Moose Peterson, Bandon Beach

Moose Peterson

It started out being overcast. Standing on the bluff overlooking the beach, I wondered if venturing down the cliff was even worth the walk. I thought, “What the hey…” and down I went. The beach is wide and flat, and at low tide, it becomes a giant mirror that just invites the wide-angle lens.

I was shooting with the Nikon 14-24 AF-S and D3x body, and capturing the reflections required getting down low. I would be walking backwards with wet knees and a soggy rear end, but after all was said and done, the photos would be worth it. As it turned out, the overcast sky started to break as the sun was heading west. Then I searched for a stretch of beach with the most water for the biggest reflection.

With that, pointing the lens low to maximize foreground and the reflection was the key to composition, as was including a couple of sea stacks in the frame for visual depth. Finishing was simply done in Photoshop ACR, with the key bringing down the Blacks and Highlight slider. The only credit I can take for the photo was walking down the cliff; Mother Nature did all the heavy lifting!


  • Aperture Priority
  • Matrix Metering f/2.8
  • 1/250
  • -.05 exp comp
  • 21mm

About Moose Peterson: His true passion has always been, and remains, photographing the life history of our endangered wildlife and wild places. Since 1981 he and his wife, Sharon, have dedicated their lives to this pursuit. In recent years Peterson has added aviation photography to his pursuits, with the same goal of preserving our flying history, pictorial and oral, for future generations. He shares his knowledge through his writing, being published in more than 133 magazines worldwide, and is the author of 28 books including his latest, Photographic FUNdamentals, Taking Flight, and bestseller Captured. He lectures across the country to thousands of photographers every year.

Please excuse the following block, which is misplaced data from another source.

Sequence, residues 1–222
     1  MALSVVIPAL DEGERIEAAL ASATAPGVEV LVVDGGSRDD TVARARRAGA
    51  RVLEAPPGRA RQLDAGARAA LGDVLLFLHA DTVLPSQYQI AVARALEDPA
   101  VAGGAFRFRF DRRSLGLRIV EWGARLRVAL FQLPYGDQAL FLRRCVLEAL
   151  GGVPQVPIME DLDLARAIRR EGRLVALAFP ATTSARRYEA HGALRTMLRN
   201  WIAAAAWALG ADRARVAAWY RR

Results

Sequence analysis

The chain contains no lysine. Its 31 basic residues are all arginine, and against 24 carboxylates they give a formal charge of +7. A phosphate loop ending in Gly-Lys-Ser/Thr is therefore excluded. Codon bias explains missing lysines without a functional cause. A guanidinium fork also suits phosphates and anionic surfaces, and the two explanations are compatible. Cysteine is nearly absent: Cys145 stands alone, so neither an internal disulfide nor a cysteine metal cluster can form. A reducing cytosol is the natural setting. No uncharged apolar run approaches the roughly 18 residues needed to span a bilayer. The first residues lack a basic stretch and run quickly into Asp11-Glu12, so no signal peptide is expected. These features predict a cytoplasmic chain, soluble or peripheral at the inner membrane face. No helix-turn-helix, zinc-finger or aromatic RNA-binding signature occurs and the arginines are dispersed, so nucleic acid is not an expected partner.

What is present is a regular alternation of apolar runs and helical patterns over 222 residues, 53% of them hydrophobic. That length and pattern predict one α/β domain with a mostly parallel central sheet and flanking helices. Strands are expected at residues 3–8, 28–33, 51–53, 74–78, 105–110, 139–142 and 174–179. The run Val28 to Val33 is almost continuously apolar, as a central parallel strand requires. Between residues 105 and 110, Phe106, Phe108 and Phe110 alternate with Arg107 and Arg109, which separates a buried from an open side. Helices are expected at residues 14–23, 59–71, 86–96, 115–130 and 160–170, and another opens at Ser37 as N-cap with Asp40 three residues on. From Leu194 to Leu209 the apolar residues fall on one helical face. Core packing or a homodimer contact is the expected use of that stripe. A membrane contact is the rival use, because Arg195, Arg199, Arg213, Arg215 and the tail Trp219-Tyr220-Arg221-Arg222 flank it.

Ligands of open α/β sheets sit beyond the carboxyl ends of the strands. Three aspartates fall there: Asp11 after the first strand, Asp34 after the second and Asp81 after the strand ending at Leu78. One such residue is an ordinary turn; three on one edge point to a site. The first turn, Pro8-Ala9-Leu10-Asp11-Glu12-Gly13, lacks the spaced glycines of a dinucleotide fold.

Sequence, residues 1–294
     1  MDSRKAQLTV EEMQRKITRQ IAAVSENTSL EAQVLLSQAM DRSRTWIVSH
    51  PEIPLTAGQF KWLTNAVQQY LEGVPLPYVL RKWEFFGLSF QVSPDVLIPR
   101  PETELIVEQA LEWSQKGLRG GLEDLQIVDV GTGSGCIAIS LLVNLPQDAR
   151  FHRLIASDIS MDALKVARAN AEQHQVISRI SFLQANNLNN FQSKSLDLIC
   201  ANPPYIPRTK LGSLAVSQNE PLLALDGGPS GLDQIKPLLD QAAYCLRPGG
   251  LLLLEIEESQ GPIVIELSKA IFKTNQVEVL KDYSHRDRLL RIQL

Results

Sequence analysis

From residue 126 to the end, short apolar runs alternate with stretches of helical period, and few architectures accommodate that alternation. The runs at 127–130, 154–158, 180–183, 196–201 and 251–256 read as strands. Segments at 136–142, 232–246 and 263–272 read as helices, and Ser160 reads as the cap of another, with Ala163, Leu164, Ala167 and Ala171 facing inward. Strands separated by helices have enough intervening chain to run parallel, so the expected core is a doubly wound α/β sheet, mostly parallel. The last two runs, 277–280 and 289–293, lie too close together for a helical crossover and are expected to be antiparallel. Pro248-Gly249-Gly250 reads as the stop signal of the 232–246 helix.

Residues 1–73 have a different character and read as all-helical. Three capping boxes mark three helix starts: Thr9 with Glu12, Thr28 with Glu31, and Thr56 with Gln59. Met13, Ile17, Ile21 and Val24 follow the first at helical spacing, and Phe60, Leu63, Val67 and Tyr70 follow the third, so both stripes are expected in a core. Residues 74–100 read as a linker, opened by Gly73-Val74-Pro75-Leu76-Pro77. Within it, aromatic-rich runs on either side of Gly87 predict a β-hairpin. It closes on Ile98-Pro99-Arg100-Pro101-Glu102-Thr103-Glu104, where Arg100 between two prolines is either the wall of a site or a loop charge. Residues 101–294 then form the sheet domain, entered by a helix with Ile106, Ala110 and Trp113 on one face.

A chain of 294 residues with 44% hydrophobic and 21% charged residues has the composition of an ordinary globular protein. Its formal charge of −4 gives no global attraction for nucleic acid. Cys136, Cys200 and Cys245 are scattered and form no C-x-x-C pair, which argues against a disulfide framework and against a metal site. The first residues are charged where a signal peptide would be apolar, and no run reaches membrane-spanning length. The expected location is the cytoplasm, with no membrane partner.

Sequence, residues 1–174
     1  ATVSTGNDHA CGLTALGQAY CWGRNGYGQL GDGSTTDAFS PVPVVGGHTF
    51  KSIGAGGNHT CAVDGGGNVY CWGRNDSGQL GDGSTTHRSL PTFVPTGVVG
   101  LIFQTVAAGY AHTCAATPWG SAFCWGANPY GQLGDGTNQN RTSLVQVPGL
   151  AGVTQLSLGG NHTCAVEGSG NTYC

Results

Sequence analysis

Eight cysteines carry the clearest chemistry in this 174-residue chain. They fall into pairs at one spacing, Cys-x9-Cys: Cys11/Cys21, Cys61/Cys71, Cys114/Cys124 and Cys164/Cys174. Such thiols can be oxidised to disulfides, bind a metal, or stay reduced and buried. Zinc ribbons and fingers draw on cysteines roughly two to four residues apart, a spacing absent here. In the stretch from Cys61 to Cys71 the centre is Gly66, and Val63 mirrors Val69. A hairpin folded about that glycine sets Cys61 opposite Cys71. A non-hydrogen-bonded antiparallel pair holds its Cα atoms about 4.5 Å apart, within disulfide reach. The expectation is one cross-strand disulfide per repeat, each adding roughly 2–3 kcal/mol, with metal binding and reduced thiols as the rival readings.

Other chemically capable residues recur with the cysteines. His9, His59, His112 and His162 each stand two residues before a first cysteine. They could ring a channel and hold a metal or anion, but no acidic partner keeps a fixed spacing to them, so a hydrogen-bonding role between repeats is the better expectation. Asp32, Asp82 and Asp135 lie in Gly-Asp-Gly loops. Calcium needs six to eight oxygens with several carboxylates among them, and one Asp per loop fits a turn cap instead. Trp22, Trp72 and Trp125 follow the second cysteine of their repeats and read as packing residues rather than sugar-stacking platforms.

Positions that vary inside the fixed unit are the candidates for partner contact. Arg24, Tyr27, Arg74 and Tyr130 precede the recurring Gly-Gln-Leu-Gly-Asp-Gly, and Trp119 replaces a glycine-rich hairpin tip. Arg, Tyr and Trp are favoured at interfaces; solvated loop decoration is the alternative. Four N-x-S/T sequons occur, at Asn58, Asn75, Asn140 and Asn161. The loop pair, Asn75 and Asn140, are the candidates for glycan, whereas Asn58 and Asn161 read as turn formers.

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It's truly inspiring and encouraging to know that such a stunning image was produced using the minimum of postprocessing tools! I like the way the dark reflections in the lower right act as a sort of foreground, balancing the dark of the cliffs near the upper left.

Excellent.  As a new aspiring photographer, I'm a bit confused on the settings.  F/2.8? Does this not lead to shallow depth of field? I've never tried 2.8 in landscape so I don't know the effect. I know it will get you a fast shutter speed but the DOF would be shallow?? Guess that's why Moose is the master. Awesome.

Moose I have always enjoyed your photographs. I love your teaching, and the blogs also.

F2.8 does lead to a shallow depth of field, however the depth when shooting with a super wide focal such as the 21mm focal Moose used in this photo is broader/deeper than the same aperture would be at higher focal lengths.  I was not able to locate a depth of field chart for this lens, nor could I get my hands on a copy of the lens to refer to the exact depth of field it would allow for at f2.8 at 21mm, but can tell you from experience with such wide focals the shallow depth of field in some instances is not as pronounced as with narrower focals.  He likely shot at that aperture so as to afford as high a shutter speed as possible and provide some latitude to work in the exposure compensation feature.